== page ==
SAVOUR THE YEAR OF THE ROOSTER

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By Jeremy Pang Want to have a go at mak­ing your own Chi­nese dim sum? Jeremy’s recipe in­cludes a use­ful guide to mak­ing these won­der­fully crispy shi­itake and chive dumplings, with tips on how to per­fectly wrap and shape them.

Most Chi­nese dumplings can ei­ther be deep-fried, pan­fried, steamed or blanched, though there is some­thing in­cred­i­bly mor­eish about deep­fried ones with their crunchy ex­te­rior and hot, steamy fill­ing. Much like fresh pasta, when made from scratch, dumplings should not be over­cooked – whichever way you choose to cook them, the cook­ing process should not take any longer than five min­utes.

The goal is to cook the pas­try and fill­ing through, while keep­ing that al dente bite. Served with noo­dles for a great al­ter­na­tive to a Sun­day lunch.

FOR THE DUMPLING WRAP­PERS

225g of plain flour 130ml of hot wa­ter, plus ex­tra

if re­quired veg­etable oil, for fry­ing

FOR THE FILL­ING

Makes 25 50g of rice noo­dles 1 hand­ful of co­rian­der 1 spring onion 2.5cm piece gin­ger 1 gar­lic clove 5 shi­itake mush­rooms,

soaked and drained 200g of chives, Chi­nese chives

prefer­ably or gar­lic shoots By Paul Ainsworth Duck coated in a range of piquant flavours is served up with a cool­ing cu­cum­ber and as­para­gus salad.

FOR THE ARO­MATIC DUCK

1 duck crown, 900g 1 onion, peeled and quar­tered 2 red chillies, halved 85g of root gin­ger, peeled,

roughly chopped 1 gar­lic clove, halved 2 cin­na­mon sticks 3 star anise 1 large or­ange, halved 2 2/3 hand­fuls of co­rian­der,

stalks only 250ml of port 4 tbsp of Hoi Sin sauce 2 tbsp of soy sauce 2 tbsp of clear honey 2l chicken stock 2 cel­ery sticks, halved 1 pak choi, 5 leaves only 1 head of Chi­nese leaf, 1

leaf only

FOR THE MARI­NADE

1 tbs of light soy sauce ¼ tsp black pep­per ¼ tsp gran­u­lated su­gar 2 tsp sesame oil ½ tbs of corn­flour

FOR THE DIP­PING SAUCE

4 tbs of light soy sauce 4 tbs of black rice vine­gar 2.5cm piece gin­ger, finely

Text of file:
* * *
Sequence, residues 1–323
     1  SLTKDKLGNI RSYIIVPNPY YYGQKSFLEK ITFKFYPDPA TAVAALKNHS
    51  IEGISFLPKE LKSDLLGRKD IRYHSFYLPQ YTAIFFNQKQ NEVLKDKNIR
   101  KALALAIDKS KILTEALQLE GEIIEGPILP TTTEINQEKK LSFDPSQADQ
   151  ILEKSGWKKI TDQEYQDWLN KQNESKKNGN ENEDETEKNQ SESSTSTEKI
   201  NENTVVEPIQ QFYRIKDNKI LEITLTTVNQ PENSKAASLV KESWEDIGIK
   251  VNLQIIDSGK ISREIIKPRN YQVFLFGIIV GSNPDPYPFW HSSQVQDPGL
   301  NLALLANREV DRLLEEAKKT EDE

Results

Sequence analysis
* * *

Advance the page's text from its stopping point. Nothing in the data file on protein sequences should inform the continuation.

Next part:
sliced

PAS­TRY:

Sieve the flour into a bowl. Grad­u­ally add the wa­ter, mix­ing with a fork to form a dough, then knead it on a lightly dusted sur­face for five min­utes un­til slightly elas­tic.

Roll out the pas­try to a thick­ness of 1-2mm, then use a 70mm di­am­e­ter cir­cu­lar cut­ter to cut out as many pas­tries as pos­si­ble.

Set the pas­tries aside on a bak­ing sheet or tray and cover with a tea towel un­til needed.

Put the noo­dles in a bowl, cover with hot wa­ter and soak for 3 min­utes. Drain and dry the noo­dles on a kitchen towel, then finely chop them along with all the other fill­ing in­gre­di­ents.

Put the chopped fill­ing in­gre­di­ents into a bowl along with the mari­nade in­gre­di­ents and mix to­gether well.

Com­bine the dip­ping sauce in­gre­di­ents

FILL­ING: MARI­NADE: DIP­PING:

1 leek, halved 2 car­rots, quar­tered

AS­PARA­GUS AND CU­CUM­BER SALAD

in a small bowl or ramekin and wrap the dumplings. Place one tea­spoon of the fill­ing in the cen­tre of each cir­cle of dough. Fold the bot­tom cen­tre over the fill­ing to form a semi­cir­cle and pinch the top tight.

Pinch the two cor­ners of the semi­cir­cle to­gether leav­ing two sym­met­ri­cal Mickey Mouse ear shapes be­tween your cen­tre fold and the cor­ner folds.

Now pinch the ears in to­wards you to make four lay­ered folds.

Tidy up to cre­ate a half­moon shape and ar­range on a plate.